All higher education in the United States is paid, so the struggle for the applicant compels universities to introduce new courses or modify the old ones, while often at the expense of the subject being taught. However, student pays $ 20000 for an average year of education in a private university, whereas in a public university student pays $ 14500. At the same time, there is a well-developed system of social support for the poor students in the U.S., as well as the system of scholarships for education (Thelin 163). A student can get a grant to study on behalf of the local baseball team or “the club of amateurs of the cactuses”, of course if he proves that he versed in it and cannot live without it. Therefore, the U.S. system of higher education provides external support for students, so it makes American high education system unique among all the systems of higher education in the world. Program, by which American students are learning, is almost impossible to describe, because every university is working as per its own individual plan. Common to all higher education institutions of the U.S. is only that, in four years, you can get a bachelor’s degree, and in six years you can get the master’s degree (Thelin 187).

In its turn, there is no clear distinction between secondary and higher education in France. Education at the French Lyceum, in fact, is equivalent to the first stage of higher education, although formally belongs to the middle one. Lyceum profile determines in which university graduate of the Lyceum will be able to continue his or her studies. A special committee of academics determines the graduate status. Only diploma marked BAC (Bachelor's) gives the right to enter a university. Other categories grant the right to special secondary education. Just two years after graduating from these institutions, the graduate can continue further education by enrolling in a university or specialized high school (Swing 112).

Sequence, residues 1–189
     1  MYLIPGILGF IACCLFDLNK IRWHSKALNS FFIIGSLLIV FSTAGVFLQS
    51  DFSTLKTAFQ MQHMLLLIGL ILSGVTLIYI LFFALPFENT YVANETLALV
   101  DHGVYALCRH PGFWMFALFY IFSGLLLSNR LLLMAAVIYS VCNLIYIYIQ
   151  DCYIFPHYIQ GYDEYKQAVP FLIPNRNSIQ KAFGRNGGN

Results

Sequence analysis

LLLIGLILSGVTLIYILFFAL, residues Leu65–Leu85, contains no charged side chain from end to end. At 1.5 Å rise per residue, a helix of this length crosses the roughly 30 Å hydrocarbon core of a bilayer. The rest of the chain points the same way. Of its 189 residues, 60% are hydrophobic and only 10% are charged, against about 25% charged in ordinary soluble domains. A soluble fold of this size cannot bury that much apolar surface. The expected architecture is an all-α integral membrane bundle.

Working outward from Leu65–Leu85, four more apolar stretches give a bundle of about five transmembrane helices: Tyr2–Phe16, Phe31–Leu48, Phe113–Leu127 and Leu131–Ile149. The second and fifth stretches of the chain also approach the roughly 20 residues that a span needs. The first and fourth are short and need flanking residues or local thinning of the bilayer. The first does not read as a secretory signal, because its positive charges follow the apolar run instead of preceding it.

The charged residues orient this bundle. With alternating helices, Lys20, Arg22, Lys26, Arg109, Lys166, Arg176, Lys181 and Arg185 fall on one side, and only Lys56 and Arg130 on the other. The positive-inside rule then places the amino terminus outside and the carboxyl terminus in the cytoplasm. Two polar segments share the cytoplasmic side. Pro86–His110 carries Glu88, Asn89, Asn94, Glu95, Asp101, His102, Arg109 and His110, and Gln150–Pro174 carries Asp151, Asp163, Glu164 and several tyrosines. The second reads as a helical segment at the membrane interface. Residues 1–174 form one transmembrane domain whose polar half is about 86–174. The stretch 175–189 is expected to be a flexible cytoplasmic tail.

Most of the European universities are public. For example, there are about 80 public universities in France. Public higher education in Europe is quoted above the private. Educational plans of the public university are established by the Ministry of National Education. University teachers have a special status; their regular income and qualifications are guaranteed by the government. If we, again, take France as an example, then university education is divided into three two-year cycles. At the end of the first cycle, a student receives a diploma of general or scientific and technical university education. The first diploma does not virtually mean anything, and it is not valued in the labor market. The second one is more prestigious and quoted by employers (junior and mid-level managers). The second cycle ends by awarding of a master's degree. In the understanding of the French, master is a completed higher education. Most of the student stops on this level, but others continue education in the so-called Higher School (something similar to the Graduate School in the United States) (Hörner 132).